Drug Crimes

Atlanta Criminal Drug Defense Attorney

In Georgia, it is unlawful for any person to purchase, possess, manufacture, deliver, distribute, sell, or possess with intent to distribute any controlled substance or marijuana. Some example of controlled substances include:

  • Crack
  • Cocaine
  • Ecstasy
  • Heroin and
  • Methamphetamine

The maximum penalties for possession or intent to the sale of a controlled substance depend on the classification of the drug. In Georgia, controlled substances are classified as a level one, two, three, four, or five drugs, with a classification of level one being the worst possible classification.

Marijuana is not treated the same. The maximum penalty for possession of less than one ounce of marijuana is a thousand dollar fine and one year in jail. However, possession of marijuana with the intent to sell will get a person a much greater sentence.

2017 Update

In 2017, The City of Atlanta passed a law that would decriminalize possession of Marijuana under an ounce. However, This law only applies to the City of Atlanta. 

If you are charged with possession or intent to sell marijuana or any controlled substance, it is important that you immediately contact an attorney to ensure that the attorney has ample opportunity to investigate your case. Attorney Gil will work tirelessly on your behalf to protect your rights under the law.

In need of a drug crimes attorney?

Contact Attorney Gil Today

Legal Stop?

In order to be charged and convicted of a drug crime, the prosecution must prove that the initial stop was legal. The 4th Amendment of the US Constitution guarantees every person the right to be secure. This means that a police officer cannot stop a person without a valid reason. If the initial stop is proven to be invalid, the evidence will be suppressed and the drug charges will be dropped.  For helpful tips on encounters with the police during traffic stops, click our blog below.​​The 4th Amendment of the United States Constitution protects a person from unreasonable searches and seizures by the government. However, there are numerous exceptions to this rule:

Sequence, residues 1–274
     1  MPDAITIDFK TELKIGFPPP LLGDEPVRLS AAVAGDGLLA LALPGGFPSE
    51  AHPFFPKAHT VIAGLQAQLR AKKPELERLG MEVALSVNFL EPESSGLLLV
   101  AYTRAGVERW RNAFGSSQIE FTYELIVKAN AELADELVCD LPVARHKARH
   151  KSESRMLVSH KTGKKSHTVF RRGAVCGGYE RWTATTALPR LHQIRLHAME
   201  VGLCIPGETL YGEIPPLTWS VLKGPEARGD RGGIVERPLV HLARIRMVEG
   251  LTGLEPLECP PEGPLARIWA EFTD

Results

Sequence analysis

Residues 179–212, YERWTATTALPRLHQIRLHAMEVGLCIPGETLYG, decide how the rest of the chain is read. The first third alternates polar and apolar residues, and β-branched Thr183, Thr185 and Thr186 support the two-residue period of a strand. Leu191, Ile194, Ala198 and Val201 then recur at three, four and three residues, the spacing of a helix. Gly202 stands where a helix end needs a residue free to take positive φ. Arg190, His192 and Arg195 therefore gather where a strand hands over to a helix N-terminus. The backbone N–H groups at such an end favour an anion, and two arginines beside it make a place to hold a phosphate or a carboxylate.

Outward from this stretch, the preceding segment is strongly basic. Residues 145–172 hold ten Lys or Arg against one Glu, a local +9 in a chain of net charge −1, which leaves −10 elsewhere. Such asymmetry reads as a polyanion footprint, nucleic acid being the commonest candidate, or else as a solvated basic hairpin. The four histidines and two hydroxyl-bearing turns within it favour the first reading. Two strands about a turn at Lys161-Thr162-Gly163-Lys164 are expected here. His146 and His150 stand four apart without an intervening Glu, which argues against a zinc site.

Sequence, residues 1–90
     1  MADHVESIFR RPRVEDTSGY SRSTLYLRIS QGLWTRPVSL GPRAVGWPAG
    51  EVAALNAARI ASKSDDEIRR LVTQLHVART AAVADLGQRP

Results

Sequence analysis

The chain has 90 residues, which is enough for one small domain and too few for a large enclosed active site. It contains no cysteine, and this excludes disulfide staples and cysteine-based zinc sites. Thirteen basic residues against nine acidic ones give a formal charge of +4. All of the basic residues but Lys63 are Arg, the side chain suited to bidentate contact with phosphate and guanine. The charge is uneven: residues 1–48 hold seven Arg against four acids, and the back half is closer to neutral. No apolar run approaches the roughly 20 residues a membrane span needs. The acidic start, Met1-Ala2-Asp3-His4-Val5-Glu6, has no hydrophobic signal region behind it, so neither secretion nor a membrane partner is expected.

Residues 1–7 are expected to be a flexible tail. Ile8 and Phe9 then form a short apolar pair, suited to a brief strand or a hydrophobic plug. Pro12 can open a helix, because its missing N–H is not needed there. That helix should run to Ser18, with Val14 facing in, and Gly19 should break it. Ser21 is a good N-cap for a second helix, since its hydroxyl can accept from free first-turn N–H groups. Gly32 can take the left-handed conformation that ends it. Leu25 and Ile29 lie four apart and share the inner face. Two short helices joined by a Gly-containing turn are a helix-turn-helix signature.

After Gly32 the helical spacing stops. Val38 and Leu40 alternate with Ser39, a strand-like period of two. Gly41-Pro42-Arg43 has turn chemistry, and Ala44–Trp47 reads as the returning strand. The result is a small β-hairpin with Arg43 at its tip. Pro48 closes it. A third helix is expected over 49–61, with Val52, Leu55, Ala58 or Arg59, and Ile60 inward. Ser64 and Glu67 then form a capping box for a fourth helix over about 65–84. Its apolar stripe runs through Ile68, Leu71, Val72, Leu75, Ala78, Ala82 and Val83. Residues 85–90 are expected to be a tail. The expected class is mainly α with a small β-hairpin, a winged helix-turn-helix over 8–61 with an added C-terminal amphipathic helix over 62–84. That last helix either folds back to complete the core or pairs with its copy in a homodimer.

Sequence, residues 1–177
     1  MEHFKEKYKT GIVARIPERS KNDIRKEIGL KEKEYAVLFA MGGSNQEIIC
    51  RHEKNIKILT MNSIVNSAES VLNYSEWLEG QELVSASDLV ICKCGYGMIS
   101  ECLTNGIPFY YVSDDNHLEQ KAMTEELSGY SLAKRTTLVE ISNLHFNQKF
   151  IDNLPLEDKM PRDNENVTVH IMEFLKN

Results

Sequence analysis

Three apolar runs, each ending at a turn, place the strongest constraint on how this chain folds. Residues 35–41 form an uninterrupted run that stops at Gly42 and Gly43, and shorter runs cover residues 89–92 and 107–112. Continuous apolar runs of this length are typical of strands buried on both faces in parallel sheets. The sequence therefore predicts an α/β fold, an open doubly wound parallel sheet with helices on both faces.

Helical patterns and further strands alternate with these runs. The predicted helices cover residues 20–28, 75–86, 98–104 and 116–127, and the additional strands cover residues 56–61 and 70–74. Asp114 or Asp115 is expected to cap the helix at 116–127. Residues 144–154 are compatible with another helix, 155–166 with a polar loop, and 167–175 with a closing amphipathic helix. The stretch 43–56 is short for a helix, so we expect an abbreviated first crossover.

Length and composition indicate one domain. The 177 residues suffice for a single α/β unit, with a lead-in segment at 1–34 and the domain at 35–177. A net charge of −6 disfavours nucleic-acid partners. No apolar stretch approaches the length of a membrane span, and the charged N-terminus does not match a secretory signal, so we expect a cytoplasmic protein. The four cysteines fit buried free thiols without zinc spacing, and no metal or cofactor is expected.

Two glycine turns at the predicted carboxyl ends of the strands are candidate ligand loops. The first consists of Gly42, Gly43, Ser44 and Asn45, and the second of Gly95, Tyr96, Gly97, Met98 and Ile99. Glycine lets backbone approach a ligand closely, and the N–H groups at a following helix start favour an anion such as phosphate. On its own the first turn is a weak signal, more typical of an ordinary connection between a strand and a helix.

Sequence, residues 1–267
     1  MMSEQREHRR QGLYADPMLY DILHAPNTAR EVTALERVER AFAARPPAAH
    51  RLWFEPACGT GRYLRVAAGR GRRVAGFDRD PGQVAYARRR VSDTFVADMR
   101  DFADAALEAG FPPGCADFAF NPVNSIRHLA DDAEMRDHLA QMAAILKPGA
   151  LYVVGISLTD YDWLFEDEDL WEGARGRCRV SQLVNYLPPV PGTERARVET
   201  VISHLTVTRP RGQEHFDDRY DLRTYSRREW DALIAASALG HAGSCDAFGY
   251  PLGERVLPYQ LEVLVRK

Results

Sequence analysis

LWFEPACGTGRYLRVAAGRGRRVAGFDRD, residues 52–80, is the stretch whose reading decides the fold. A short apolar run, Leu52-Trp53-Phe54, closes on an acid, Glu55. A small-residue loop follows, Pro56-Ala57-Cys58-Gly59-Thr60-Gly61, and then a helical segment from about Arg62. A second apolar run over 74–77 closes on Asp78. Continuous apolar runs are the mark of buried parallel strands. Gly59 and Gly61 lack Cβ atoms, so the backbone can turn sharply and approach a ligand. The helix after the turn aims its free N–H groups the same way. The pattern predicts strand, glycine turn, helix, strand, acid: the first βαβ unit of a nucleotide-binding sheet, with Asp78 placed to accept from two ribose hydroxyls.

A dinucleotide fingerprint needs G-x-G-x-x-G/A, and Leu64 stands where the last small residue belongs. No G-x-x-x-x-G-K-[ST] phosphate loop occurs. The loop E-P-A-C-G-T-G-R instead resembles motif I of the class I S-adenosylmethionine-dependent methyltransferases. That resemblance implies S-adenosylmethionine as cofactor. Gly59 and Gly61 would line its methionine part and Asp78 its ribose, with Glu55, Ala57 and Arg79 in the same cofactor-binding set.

• Exigent circumstances
  • Search Incident to arrest
  • Consent
  • Automobile rule
  • Probable cause
  • Execution of administrative search
  • Stop and frisk

The number one reason that a police officer justices its stop and search is consent. Most individuals are intimidated when a police officer comes up to them and requests to speak with them. Society tells us that the right thing to do is to comply with an officer's request. However, consensual stops and searches lead to most arrests involving drugs. If an officer asks to speak to you and does not want to comply, you cannot be forced to unless the officer has a valid reason.

Legal Arrest?

If you believe that your rights were abused prior to your search or arrest, contact Attorney Gil to discuss any possible defenses to your drug charge. Our practice has the experience you need to challenge the search or arrest as unconstitutional. We will seek to have any evidence seized based on an unconstitutional stop or arrest.